Las Amigas Group
Update on Las Amigas GroupElisa, a member of the Solidarity Group Las Amigas, is 50 years old, married, and has four children. Her husband works selling sweets. Elisa started out selling food, beverages, and bread to construction workers who work close, and later decided to open a grocery store. Most recently she has changed her business because the grocery store was not very profitable and today she works selling sandals and clothing. She works from 8:00am to 4:00pm, and she works together with her son. They sell their products from their car and also walking door to door, and they now have about 10 years of experience with their business.
Elisa will use this loan to invest in more clothing and sandals. With this help she will be able to provide more variety with her products, and with her added income she will be able to help her husband with the household expenses since he has been recently diagnosed with an illness.
Her dream is to have a larger business with greater assortment of products.
Elisa has been a client of FAMA for over 5 years and has always made her payments on time, and the loans she has taken in the past have helped to improve her quality of life.
Previous Loan DetailsJosé Medardo is married with 4 children. His children all go to school and depend on him. His wife sells shoes and new clothing. Previously, José worked as a primary school teacher but because of health issues he had to leave his job. As he didn’t want to be a burden on his family, he decided to… More from Las Amigas Group's previous loan »
About FAMA:Honduras is one of the poorest countries in the Western Hemisphere with approximately 59% of people living below the poverty line. Familia y Medio Ambiente OPDF (FAMA OPDF) is a Honduran non-profit with no religious or political affiliation. FAMA’s mission is to provide quality and opportune financial services so that men and women have equal opportunities to develop their micro or small businesses, whether they focus on agriculture, manufacturing or services. FAMA operates 13 branches throughout Honduras and serves over 12,500 clients.
Concurrent and Successive Loans
Our Field Partners often work with borrowers over a series of loans as the borrowers build credit, take out bigger loans, and expand their businesses. In order to make it easier for our Field Partners to post loans for borrowers who have been listed on Kiva before, we allow them to post successive and concurrent loans for their Kiva borrowers. This means that our Field Partners are able to post a borrower's second, third, etc., loan on Kiva without having to re-enter all of the borrower's information.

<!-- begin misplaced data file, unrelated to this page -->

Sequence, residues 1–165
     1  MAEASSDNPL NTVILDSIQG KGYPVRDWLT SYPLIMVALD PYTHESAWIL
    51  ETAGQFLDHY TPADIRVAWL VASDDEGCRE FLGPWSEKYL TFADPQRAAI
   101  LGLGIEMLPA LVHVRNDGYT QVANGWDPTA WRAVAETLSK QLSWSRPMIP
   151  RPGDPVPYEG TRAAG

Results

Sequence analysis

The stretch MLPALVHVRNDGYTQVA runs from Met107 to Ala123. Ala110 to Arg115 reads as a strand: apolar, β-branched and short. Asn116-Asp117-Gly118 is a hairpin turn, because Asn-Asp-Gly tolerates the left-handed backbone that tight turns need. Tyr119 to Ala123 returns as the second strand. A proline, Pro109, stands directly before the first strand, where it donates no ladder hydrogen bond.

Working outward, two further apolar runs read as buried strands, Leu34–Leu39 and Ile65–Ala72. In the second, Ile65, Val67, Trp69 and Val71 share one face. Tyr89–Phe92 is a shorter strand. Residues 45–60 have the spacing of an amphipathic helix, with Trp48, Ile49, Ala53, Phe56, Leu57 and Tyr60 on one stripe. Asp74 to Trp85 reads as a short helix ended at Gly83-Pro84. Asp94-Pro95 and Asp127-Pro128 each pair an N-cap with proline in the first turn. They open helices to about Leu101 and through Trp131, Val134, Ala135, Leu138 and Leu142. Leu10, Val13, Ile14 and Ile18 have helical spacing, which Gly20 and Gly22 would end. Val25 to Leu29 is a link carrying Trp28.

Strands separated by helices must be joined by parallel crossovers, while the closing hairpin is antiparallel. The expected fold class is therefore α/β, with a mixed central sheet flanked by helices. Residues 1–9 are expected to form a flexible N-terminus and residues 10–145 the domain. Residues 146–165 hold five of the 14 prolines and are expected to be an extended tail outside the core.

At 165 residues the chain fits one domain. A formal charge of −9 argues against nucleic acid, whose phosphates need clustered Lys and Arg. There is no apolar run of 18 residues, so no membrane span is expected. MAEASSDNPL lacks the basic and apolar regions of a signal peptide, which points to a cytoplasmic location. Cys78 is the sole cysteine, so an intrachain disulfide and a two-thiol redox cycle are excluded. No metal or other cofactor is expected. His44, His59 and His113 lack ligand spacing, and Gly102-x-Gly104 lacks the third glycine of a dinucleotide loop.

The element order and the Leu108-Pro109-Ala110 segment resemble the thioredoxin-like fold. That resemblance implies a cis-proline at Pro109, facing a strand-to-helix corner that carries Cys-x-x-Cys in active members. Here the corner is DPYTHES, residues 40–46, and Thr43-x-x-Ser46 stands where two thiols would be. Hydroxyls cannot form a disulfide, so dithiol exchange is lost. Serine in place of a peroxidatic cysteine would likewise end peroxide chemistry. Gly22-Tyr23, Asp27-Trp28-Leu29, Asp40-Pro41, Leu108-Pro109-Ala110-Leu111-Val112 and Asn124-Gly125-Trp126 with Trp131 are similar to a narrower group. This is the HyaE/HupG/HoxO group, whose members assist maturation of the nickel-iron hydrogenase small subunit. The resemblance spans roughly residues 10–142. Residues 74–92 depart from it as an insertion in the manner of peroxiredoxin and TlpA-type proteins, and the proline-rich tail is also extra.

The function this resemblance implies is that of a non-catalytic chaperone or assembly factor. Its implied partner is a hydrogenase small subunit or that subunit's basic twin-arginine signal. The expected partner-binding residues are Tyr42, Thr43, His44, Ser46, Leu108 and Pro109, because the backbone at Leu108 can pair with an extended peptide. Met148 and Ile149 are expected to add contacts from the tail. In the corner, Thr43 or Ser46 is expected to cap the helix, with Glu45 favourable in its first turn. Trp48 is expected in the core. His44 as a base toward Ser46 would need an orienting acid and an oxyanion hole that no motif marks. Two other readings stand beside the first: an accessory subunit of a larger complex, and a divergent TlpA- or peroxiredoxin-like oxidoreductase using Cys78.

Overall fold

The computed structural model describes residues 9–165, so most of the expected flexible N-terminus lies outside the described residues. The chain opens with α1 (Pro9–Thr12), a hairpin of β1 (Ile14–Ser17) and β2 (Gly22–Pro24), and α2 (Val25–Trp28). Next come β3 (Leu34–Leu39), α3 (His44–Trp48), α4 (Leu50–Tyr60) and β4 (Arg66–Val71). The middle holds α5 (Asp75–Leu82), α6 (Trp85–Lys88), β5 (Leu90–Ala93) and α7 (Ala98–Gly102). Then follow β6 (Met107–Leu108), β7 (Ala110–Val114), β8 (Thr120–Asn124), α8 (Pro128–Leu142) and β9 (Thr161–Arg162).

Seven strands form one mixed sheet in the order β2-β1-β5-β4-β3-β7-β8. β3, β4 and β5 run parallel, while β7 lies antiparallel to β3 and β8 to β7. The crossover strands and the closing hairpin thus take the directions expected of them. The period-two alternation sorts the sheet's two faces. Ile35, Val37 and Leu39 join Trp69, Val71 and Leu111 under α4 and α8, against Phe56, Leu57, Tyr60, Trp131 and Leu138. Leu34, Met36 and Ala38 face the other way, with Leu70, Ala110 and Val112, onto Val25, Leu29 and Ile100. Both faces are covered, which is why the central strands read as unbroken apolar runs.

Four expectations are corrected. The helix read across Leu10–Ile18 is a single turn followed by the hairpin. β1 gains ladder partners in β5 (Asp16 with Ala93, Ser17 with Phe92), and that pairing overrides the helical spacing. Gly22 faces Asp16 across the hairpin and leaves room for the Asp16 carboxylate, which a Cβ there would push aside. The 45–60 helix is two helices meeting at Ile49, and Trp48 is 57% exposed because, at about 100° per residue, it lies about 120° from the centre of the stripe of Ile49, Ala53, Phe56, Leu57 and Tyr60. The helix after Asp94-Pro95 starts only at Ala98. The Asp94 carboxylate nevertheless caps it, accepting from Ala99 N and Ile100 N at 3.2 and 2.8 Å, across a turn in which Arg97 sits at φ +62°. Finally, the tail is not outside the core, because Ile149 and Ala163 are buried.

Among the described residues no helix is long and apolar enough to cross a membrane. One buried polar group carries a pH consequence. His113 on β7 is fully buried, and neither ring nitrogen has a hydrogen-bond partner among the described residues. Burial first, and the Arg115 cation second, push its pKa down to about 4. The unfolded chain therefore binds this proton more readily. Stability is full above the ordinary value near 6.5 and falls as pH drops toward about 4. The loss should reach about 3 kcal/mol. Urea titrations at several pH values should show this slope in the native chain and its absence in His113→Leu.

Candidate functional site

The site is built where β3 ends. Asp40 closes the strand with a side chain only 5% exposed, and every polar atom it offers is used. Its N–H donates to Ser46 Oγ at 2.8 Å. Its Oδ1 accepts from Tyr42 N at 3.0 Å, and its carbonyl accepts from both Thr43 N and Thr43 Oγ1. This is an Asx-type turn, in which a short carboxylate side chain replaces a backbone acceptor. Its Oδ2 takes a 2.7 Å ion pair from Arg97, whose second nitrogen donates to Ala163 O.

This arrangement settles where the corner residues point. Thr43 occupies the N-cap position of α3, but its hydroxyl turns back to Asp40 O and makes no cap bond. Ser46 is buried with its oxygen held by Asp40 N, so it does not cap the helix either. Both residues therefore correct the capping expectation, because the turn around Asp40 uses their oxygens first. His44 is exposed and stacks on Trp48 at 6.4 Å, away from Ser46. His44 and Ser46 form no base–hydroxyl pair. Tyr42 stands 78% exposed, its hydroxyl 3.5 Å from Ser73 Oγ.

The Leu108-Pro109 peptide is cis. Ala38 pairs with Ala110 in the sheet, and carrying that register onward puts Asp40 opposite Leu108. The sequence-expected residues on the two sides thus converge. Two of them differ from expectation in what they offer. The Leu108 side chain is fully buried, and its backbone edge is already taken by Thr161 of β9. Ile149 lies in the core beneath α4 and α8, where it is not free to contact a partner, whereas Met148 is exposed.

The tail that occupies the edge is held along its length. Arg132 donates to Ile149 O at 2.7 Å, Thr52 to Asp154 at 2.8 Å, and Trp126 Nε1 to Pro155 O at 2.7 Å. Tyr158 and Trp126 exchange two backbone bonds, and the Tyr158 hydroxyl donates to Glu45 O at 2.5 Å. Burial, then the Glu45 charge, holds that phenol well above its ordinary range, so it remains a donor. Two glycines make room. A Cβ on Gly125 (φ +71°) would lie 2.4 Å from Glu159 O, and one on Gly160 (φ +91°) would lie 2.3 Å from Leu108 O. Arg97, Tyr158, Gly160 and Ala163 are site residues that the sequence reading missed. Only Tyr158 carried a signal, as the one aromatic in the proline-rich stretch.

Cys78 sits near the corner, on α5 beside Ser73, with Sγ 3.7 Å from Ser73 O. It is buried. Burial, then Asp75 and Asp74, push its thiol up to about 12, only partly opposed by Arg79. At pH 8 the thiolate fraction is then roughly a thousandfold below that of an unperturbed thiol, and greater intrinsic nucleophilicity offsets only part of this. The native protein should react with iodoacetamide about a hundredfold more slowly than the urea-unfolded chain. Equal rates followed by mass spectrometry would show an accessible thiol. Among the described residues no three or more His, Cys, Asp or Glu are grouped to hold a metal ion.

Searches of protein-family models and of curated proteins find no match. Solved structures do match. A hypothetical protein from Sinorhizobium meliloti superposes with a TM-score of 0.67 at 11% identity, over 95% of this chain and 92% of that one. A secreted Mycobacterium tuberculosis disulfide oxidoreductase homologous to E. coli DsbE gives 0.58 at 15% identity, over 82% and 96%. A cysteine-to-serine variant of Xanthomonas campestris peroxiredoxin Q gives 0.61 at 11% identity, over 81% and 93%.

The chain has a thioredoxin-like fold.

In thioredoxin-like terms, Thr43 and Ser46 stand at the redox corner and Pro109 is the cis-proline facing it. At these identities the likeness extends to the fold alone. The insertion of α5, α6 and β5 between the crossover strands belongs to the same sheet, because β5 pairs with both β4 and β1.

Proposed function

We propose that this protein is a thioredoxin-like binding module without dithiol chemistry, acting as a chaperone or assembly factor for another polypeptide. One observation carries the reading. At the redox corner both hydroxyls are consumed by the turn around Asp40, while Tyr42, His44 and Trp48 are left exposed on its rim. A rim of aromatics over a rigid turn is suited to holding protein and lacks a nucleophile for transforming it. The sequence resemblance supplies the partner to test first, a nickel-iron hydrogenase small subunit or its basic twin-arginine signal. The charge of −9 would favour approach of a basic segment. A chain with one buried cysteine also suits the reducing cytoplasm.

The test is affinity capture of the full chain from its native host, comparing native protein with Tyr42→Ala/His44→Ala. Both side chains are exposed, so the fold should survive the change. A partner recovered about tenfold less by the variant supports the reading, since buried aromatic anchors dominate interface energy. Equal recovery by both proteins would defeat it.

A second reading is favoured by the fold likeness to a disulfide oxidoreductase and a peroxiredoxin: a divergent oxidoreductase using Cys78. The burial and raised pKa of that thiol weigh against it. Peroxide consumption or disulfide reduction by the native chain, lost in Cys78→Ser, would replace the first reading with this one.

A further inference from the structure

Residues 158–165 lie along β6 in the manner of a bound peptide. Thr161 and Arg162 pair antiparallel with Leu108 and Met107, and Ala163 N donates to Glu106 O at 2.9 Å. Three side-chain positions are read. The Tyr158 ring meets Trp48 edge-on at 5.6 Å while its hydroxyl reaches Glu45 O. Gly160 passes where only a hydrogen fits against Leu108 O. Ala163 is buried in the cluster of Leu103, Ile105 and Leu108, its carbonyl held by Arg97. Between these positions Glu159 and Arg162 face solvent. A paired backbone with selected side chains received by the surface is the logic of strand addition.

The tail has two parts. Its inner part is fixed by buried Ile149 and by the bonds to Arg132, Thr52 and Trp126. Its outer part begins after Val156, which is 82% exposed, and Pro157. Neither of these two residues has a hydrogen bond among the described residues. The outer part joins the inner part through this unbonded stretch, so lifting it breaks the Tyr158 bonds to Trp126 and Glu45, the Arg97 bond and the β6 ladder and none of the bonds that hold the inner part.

This borrower has been listed on Kiva before, so you'll see an updated loan description, as well as excerpts of the original descriptions from earlier loans. Most borrowers take out loans consecutively, meaning that they receive a second loan after having repaid the first. However, sometimes our Field Partners give out concurrent loans, allowing borrowers to take out one primary loan and a secondary "add-on" loan along with it. These "add-on" loans are typically smaller than the borrower's primary loan and serve a different purpose. Because Field Partners can now post loans as successive and concurrent loans, you will be able to track borrower progress over time and see the various ways a borrower is working with our Field Partners through funds from Kiva’s lenders.
This is a Group Loan
In a group loan, each member of the group receives an individual loan but is part of a larger group of individuals. The group is there to provide support to the members and to provide a system of peer pressure, but groups may or may not be formally bound by a group guarantee. In cases where there is a group guarantee, members of the group are responsible for paying back the loans of their fellow group members in the case of delinquency or default.
Kiva's Field Partners typically feature one borrower from a group. The loan description, sector, and other attributes for a group loan profile are determined by the featured borrower's loan. The other members of the group are not required to use their loans for the same purpose.
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Success!! The loan was 100% repaid